“I won it, Michael. I won,” Sammy said to him at the 1976 Tony Awards when Sammy took home the award for Best Featured Actor in a Musical for A Chorus Line.
“I won it, Sammy. I won it for you,” Michael responded to him. “I made your entire performance come.” Sammy looked at him with a mixture of pity and fear.
“Go find us a joint, Irene. I need something to take the edge off,” Michael says. He’s sort of jumpy and is experiencing that truly awful feeling when the cocaine starts wearing off. Sometimes it feels like the entire decade thus far has just been the manifestation of that exact same feeling. The 1980s: The Decade When the Coke Wore Off.
Irene slinks away in a Blondie t-shirt and army-green parachute pants. Dykes can’t dress for shit, he thinks.
He looks up at the stage, that place where it all began. It’s different from the Shubert. He can almost see the ghosts of the original cast up there rehearsing. Then the pure magic of opening night. Donna doing her solo dance in the red Cassie dress for the first time, almost like she’s doing it just for him. He imagines the long white line drawn at the foot of the stage near the lights. It’s a line he can imagine going on forever. The border of an imaginary country that only he and the cast are allowed to live in. A Never-Never Land for theater gypsies. The Orphans of the Chorus.
Michael loves opening night, but he hates opening night reviews. Well, he loves good opening night reviews but he hates the idea of being “reviewed” at all. Who the hell was anyone to review him? How are they able to fairly assess what has taken him years and years to create from nothing?
He remembers someone telling him that the actress Maureen Stapleton had apparently been appalled by the show. Appalled. That was the actual word she had used. She felt that it was unseemly to show actors begging for work. He doesn’t think she really understood the universal nature of the show. Everyone knows the feeling of putting themselves on the line when they go for a job interview or an audition. Even just asking someone out on a date or going for a trick who you think is way out of your league. Constantly wrestling with the question of will I get it or not. Your identity is your job and if you can’t do your job, you just don’t exist anymore.
He likes Maureen Stapleton. He loved her in Interiors. And he was glad when she finally won the Oscar for Reds this year. But she just didn’t get his show and, knowing her, she was probably blotto during it.
A Chorus Line is not just a musical. It’s not just people begging to do what they do best. It’s the good and the bad and the laughter and the tears and the shit and the piss and the cum. That’s what life is, isn’t it? Life is an only vaguely connected series of scenes and interactions with other “players” (your teacher, the guy at the bodega on the corner, your lovers, your mom). Life is sex and death, baby.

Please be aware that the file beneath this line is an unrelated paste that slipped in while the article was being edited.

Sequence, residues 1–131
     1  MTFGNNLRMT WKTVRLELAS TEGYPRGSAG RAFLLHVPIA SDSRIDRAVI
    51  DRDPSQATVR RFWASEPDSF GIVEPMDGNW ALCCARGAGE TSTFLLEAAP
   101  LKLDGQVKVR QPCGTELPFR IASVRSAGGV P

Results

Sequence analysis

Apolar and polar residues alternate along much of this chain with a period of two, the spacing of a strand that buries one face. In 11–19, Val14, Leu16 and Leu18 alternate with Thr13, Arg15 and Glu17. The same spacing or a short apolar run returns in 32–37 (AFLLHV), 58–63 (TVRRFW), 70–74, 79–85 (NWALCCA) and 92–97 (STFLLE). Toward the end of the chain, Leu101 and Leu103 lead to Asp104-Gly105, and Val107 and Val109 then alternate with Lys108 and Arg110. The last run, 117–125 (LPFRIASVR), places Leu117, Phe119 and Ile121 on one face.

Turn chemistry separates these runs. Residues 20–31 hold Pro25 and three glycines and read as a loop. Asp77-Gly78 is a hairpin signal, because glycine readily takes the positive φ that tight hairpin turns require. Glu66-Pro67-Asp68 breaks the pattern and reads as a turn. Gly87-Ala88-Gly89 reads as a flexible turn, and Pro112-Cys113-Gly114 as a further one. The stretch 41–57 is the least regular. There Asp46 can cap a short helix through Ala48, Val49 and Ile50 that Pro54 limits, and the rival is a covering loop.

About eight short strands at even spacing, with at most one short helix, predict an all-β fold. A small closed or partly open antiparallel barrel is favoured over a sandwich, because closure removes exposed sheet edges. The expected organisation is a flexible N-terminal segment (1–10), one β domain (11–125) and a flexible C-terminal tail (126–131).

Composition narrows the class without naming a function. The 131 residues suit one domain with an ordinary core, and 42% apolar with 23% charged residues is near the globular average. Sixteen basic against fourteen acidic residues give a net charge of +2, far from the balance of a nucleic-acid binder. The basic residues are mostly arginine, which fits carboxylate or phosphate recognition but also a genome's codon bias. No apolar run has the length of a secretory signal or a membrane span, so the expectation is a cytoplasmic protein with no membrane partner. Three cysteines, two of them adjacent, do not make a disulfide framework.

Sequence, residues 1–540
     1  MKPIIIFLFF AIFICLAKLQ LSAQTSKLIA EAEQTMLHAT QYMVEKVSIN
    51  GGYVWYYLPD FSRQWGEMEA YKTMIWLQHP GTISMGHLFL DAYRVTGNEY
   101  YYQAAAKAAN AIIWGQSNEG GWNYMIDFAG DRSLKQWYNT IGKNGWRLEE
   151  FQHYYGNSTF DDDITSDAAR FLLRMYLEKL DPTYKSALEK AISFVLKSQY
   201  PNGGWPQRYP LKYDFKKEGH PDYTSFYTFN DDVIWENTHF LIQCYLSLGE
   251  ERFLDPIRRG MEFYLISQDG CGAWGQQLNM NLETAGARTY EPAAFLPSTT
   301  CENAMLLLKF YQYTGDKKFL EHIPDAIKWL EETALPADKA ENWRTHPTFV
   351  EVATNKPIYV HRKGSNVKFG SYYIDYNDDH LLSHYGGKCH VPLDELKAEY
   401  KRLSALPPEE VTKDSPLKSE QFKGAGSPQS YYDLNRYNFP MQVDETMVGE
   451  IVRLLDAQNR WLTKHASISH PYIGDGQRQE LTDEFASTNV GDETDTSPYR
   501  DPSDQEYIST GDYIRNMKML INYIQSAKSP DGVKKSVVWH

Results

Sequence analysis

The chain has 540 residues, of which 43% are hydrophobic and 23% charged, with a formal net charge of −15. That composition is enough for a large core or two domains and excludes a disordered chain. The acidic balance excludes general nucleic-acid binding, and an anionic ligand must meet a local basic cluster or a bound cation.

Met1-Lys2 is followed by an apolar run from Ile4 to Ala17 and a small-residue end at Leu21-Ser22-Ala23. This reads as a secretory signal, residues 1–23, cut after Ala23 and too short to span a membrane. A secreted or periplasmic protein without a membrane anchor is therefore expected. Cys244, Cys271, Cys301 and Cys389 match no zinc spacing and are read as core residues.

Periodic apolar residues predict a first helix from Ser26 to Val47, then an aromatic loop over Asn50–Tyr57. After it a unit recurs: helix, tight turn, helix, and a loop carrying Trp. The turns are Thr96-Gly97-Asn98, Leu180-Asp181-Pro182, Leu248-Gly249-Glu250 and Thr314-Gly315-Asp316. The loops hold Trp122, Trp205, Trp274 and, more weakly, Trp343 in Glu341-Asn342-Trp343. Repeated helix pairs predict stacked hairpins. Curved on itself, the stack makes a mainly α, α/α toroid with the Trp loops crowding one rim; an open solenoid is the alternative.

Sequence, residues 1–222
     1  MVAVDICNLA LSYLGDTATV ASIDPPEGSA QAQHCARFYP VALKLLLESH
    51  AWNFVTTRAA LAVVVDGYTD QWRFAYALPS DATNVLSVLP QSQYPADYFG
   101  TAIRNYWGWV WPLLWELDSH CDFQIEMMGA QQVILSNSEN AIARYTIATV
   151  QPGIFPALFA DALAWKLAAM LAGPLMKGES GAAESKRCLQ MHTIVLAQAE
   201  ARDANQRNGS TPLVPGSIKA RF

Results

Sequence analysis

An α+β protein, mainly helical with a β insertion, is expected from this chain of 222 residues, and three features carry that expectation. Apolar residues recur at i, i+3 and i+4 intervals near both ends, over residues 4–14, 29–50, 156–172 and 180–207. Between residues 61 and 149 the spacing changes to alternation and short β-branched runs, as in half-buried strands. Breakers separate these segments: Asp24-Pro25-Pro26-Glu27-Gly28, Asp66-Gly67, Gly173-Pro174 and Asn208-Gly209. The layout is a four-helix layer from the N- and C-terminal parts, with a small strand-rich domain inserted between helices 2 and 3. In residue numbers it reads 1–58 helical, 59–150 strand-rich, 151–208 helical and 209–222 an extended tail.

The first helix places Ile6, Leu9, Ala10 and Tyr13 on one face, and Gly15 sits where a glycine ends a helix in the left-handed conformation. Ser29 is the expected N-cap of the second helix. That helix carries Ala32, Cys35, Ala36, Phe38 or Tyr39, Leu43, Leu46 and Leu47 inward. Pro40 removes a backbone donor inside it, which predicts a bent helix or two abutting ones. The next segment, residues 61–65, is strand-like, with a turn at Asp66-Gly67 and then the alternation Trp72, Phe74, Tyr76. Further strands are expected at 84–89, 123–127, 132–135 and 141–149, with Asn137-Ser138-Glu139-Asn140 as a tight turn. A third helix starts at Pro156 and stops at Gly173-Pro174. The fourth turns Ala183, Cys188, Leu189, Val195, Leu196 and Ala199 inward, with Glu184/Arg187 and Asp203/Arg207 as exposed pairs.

Life on stage can be just as real as life not on stage. Michael knows that better than anyone. It can be realer, even. And as the director, he can control the way life looks, how life is perceived, the emotions the audience will have. And, hey, if you don’t like it, you can get right up out of your plush seat and leave the theater right in the middle of the show. No one will stop you. Or you can just wait until intermission and go out there on the street in front of the theater and have a cigarette with the others and then just casually blend back into the hordes of people walking by on the sidewalk, whisking yourself away from those lives that will keep on burning night after night inside on the stage on the line. The people on the street will never know you have just left a musical right in the middle of it. They will never know that, for a couple of hours, you left the world and entered another one. They will let you back into the real world without knowing you had ever left it.
The line between reality and theater is a hazy one for Michael. Which is probably why he’s doing so many drugs right now.
Ernie Kraft, a young dancer who was promoted from swing to the role of “Bobby” a couple of months ago, arrives to the party sporting a pillow paunch stuck under the now-iconic printed sweater his character wears, a silk scarf tied around his neck like gay Christmas wrapping. Someone has helped him out with a bald cap and a white mustache. Probably Irene.
Ernie missed several performances back-to-back-to-back a couple of weeks ago and Michael has been on the verge of firing him.
“I’m kind of surprised Ernie’s even here,” says Sebastian who works in the lighting booth. He breathes down Michael’s neck from behind. He’s very tall.
“Why?” Michael asks.
“He has it.”
“What do you mean “it”? It-it? The It?” Michael asks.
“The It, Michael. The new It,” answers Sebastian. “He’s an It Boy. GRID or GRAD, the Hot Guy Flu of ‘82. Whatever the fuck they’re calling it today, he has it.”
“Fuck. Fuck.” Michael pulls out a cigarette. “Shit.” Sebastian quickly lights it for him, the flame momentarily lighting up Sebastian’s face. Michael can see Sebastian’s square jaw and the way his eyes are kind yet focused.